One parent writes: My daughter likes to approach mothers with young babies. She offers to hold them or look after them; or sometimes she just stares at them. It must make the mothers feel uncomfortable, so when she is with me I always catch her attention and mention under my breath that she is staring. Generally she accepts this and is very amenable to being distracted because babies and small children put her in an excellent frame of mind. On other occasions, if she sees something happening that she thinks is reprehensible (for example, a dog with a collar that’s too tight; a child being told off in public; an inconsiderate driver) she has been known to verbally apprehend the owner of the dog or child’s parent. To the offending driver, she has simply bellowed out the car window. It’s an ongoing thing as she is never likely to change her personality, but she does (generally) respond to being gently told that this is not the best way to behave. She’ll argue the point, of course, but that’s just her.

Avoiding inappropriate or disruptive acted out by people with PWS is not always possible, but addressing it as soon as possible, with calmness and known-to-be-successful strategies can minimize and manage the situation promptly It is the sharing of these strategies with all people involved in the life of your person with PWS that is the key. Share what you know works best for your person with PWS, and enlightens others!

Blind Rage (contributed by Dr Janice Forster)

PWS is known for hyperphagia and temper outbursts. Researchers have discovered that temper tantrums precede the typical food related behaviors in early childhood. For all children, including those who have PWS,  tantrums occur when the reward centers of the brain begin to mature. The reward center enables all children to learn from experience and to form expectations about things that happen in their world.  When a child wants something and does not get it, a tantrum occurs. Or, when something occurs that is different from what the child is expecting, a tantrum occurs. Among children who have PWS, this tantrum behavior differs from typical children in two important ways:

  • It is more intense.
  • The biochemical braking system to stop the tantrum is broken.*

Each tantrum is unique to the child, but in PWS it is usually very quick in onset and may appear to occur out of the blue. If one looks carefully at the antecedents of the situation from the perspective of the child, often the etiology can be determined. Once a tantrum begins, there is nothing that can be done to stop it, other than to keep everyone and everything in the environment safe. The tantrum will run its course. After the tantrum is over, some children will be exhausted and require a nap. Other children will get back on track fairly quickly and resume their daily activities; they may or may not acknowledge their behavior. 

The cortex of the brain not only governs reward, but it is responsible for thinking and reasoning behavior.  Another part of the brain is involved in behaviors such as tantrums and shut downs. The amygdala directs brain mechanisms associated with survival (fight, flight or freeze); it is responsible for emotional expression, aggression, and impulsivity. For this reason, the cortex has been referred to as the ‘baby sitter’ of the amygdala.  Although neural connections to the reward center of the cortex begin around age two, the thinking and reasoning behavior is slower to mature in typical children and takes even longer to develop in children with PWS.  Using the analogy of a computer, when a child has a full-blown tantrum, their thinking and reasoning ability in the cortex goes “off-line”. This is why children with PWS appear to be in a ‘blind rage” during the tantrum; they are literally behaving in survival mode, acting without thinking.  In PWS it takes a while for the brain to “reboot.”  After they recover, they may act as if nothing has happened (brain reboot), and they may or may not remember what has occurred.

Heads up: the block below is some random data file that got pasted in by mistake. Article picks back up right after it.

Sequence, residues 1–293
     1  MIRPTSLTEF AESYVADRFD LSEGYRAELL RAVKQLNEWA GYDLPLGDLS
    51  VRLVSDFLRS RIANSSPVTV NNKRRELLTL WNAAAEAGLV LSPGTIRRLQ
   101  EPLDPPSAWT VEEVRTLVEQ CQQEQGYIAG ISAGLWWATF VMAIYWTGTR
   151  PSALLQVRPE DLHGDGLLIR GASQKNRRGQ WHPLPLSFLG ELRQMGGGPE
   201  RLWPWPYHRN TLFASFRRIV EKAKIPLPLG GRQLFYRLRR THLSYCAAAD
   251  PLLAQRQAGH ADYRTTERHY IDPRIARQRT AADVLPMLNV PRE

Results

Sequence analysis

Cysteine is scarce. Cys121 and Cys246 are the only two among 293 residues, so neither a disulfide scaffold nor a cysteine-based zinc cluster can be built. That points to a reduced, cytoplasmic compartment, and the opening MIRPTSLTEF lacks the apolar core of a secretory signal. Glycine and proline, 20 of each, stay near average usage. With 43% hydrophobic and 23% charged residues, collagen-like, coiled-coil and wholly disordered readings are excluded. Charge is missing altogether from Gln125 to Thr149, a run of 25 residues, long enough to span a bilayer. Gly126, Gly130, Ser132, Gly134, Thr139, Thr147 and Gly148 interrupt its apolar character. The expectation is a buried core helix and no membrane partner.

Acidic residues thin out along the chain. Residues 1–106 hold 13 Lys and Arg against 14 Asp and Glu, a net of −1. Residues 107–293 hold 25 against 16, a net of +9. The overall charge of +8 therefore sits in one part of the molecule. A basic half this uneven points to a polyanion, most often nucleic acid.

A tantrum is a learning experience for the caregiver. The keys to successful behavioral management are determining what the trigger is, redesigning the daily plan to avoid it, and developing coping strategies to deal more effectively with it. 

GABA (gamma-aminobutyric acid) is the major inhibitory neurotransmitter in the brain; it regulates muscle tone and provides the braking mechanism for behavior, allowing a person to “stop and think” before acting. GABA receptors are reduced in PWS, resulting in decreased GABA action in the brain that may also contribute to epilepsy, anxiety disorders and depression. 

*GABA (gamma-aminobutyric acid) is the major inhibitory neurotransmitter in the brain; it regulates muscle tone and provides the braking mechanism for behavior, allowing a person to “stop and think” before acting. GABA receptors are reduced in PWS, resulting in decreased GABA action in the brain that may also contribute to epilepsy, anxiety disorders and depression.